Keeping the Lights On: The Impact of the COVID-19 Pandemic on Elective Total Joint Arthroplasty Utilization in the United States
Background: It was estimated that up to 30,000 primary total hip arthroplasty (THA) and total knee arthroplasty (TKA) procedures would be cancelled each week during the moratorium on elective surgeries in the United States. The purpose of this study was to analyze the impact of the COVID-19 pandemic on elective total joint arthroplasty utilization in the United States. Methods: A retrospective study was conducted using the PearlDiver database. Patients who underwent primary elective THAs and TKAs were identified and filtered by state and month from January through September of both 2019 and 2020. The volume of these procedures immediately following the moratorium on elective surgeries was compared to that of the same months the previous year. Results: For THA, overall, there was a 27.39% reduction in volume from 2019 to 2020 in March and an 88.94% reduction in April. For TKA, overall, there was a 31.28% reduction in volume in March and a 96.61% reduction in April. When the states were separated into 2 cohorts by the 2020 presidential election vote, there was a significantly larger decrease in THA and TKA volume observed in the 25 states and Washington DC that voted democrat than that in the 25 states that voted republican in both March (P < .05) and April (P < .05). Both THA (118.29%) and TKA (101.02%) volume returned to prepandemic levels by June. Conclusions: Overall, this study demonstrated that elective total joint arthroplasty utilization did reduce as anticipated following the CMS moratorium on elective surgeries but quickly returned to prepandemic levels by June. Level of Evidence: Level III.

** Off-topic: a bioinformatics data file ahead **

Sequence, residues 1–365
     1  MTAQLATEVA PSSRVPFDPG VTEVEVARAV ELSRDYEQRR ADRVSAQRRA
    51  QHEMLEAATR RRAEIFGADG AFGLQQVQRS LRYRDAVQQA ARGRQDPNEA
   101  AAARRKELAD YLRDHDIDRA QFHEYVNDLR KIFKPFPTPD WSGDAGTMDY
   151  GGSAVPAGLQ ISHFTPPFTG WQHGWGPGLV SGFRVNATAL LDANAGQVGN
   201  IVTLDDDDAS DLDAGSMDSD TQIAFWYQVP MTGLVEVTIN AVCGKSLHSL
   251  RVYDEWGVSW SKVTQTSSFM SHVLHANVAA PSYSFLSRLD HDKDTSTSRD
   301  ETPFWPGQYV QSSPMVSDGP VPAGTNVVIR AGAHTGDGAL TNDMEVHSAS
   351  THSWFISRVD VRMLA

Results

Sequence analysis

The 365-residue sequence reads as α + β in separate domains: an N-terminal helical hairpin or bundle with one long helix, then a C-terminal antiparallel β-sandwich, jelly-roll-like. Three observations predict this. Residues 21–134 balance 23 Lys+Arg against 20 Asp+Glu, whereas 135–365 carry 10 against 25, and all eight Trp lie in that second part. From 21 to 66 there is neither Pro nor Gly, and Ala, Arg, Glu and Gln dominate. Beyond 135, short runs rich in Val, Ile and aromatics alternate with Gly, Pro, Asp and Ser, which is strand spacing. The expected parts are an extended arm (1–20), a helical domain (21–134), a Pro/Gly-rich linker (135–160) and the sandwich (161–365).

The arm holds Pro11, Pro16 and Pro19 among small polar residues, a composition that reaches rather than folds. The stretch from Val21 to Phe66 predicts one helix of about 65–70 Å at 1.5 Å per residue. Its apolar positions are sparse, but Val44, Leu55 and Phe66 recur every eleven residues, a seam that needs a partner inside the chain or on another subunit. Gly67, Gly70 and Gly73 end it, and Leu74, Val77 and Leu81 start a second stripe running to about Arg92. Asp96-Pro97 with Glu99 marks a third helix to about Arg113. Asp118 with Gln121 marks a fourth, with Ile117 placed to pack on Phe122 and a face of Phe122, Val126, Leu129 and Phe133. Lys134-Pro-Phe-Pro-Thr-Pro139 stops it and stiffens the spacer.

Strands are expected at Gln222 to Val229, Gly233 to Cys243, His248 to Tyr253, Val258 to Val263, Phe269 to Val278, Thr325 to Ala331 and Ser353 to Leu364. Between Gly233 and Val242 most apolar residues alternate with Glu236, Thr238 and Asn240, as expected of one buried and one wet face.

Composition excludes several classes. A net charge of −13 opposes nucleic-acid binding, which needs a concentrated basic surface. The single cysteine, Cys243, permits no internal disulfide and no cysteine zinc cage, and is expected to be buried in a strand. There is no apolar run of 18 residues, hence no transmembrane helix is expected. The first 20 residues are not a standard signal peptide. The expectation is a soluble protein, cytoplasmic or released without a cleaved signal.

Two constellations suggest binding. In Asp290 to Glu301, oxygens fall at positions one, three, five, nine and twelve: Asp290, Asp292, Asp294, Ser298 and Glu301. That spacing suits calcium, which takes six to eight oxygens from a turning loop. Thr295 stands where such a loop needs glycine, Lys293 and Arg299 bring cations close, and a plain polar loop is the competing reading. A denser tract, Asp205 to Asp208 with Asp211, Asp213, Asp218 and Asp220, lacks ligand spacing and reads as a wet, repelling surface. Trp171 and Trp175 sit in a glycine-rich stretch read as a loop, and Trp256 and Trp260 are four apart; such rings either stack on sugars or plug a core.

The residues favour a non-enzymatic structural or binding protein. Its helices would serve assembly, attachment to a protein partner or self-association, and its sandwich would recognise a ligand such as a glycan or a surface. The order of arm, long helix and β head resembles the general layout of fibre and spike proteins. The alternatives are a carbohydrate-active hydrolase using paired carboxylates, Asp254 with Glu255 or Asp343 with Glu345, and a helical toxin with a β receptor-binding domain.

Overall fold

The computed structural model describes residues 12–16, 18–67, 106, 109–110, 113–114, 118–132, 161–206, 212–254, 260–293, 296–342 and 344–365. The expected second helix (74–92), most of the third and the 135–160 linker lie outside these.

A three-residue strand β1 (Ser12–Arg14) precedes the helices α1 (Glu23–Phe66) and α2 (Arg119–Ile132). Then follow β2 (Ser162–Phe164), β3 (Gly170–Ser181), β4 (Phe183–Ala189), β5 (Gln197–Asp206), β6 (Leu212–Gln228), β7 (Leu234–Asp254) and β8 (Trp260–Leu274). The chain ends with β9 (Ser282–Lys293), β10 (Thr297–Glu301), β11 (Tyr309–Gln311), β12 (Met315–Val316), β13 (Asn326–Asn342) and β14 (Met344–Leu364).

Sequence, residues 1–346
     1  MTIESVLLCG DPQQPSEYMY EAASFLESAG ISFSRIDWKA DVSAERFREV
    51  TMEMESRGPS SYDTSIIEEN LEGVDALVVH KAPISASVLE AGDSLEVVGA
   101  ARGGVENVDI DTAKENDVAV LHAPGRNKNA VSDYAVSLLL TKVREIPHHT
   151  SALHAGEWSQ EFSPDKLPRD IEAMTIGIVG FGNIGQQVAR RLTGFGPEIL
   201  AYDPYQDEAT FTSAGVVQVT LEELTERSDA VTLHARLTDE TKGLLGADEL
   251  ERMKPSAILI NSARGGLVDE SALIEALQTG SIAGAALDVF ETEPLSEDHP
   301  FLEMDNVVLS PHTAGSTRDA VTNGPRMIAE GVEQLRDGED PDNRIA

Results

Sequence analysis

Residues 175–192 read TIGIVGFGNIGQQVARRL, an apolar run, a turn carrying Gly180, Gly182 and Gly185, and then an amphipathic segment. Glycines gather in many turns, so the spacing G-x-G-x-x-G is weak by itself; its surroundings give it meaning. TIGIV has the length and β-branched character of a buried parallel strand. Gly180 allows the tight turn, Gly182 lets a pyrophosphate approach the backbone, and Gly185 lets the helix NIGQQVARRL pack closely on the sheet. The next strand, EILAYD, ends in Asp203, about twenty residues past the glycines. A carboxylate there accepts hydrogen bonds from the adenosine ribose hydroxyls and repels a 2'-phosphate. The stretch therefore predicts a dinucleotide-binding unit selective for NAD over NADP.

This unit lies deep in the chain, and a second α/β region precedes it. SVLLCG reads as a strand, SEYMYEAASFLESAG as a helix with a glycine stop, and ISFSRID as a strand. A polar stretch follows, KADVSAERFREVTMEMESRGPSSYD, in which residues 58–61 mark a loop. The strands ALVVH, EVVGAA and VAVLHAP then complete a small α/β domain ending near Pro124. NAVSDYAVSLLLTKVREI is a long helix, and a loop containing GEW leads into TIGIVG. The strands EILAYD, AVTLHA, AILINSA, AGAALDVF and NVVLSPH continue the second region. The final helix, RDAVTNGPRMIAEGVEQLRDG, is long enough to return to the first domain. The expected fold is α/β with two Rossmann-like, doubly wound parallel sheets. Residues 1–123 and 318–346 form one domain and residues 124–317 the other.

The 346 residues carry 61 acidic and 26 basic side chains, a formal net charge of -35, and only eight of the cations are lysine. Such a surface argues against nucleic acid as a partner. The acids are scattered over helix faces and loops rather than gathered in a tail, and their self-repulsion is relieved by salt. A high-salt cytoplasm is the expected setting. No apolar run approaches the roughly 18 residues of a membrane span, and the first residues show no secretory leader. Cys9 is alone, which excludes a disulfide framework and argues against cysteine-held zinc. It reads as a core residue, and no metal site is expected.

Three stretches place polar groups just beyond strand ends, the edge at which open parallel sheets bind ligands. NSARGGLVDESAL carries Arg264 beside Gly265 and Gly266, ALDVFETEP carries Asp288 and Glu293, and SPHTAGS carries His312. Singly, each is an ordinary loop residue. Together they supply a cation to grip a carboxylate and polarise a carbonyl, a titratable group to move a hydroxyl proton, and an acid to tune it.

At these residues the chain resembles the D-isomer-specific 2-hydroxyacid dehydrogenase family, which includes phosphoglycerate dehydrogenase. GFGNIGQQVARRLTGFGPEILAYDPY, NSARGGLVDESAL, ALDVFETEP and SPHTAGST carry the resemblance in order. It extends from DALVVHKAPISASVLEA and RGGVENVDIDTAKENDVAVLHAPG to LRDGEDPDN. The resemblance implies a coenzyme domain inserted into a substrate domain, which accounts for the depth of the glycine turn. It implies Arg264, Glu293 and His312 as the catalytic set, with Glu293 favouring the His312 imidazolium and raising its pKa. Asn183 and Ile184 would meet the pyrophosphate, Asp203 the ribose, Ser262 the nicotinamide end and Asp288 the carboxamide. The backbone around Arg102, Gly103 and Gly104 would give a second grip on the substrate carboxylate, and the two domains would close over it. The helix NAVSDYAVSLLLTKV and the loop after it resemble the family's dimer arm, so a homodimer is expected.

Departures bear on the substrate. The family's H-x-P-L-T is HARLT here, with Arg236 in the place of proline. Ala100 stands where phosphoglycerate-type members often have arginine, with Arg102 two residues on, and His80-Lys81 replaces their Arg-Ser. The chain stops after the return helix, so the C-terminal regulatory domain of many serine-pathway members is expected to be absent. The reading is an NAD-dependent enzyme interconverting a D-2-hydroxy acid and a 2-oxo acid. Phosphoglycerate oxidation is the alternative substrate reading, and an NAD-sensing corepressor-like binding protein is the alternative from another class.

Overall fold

Cole, Matthew W.; Collins, Lacee K.; Williams, Garrett H.; Lee, Olivia C.; and Sherman, William F., "Keeping the Lights On: The Impact of the COVID-19 Pandemic on Elective Total Joint Arthroplasty Utilization in the United States" (2022). School of Medicine Faculty Publications. 501.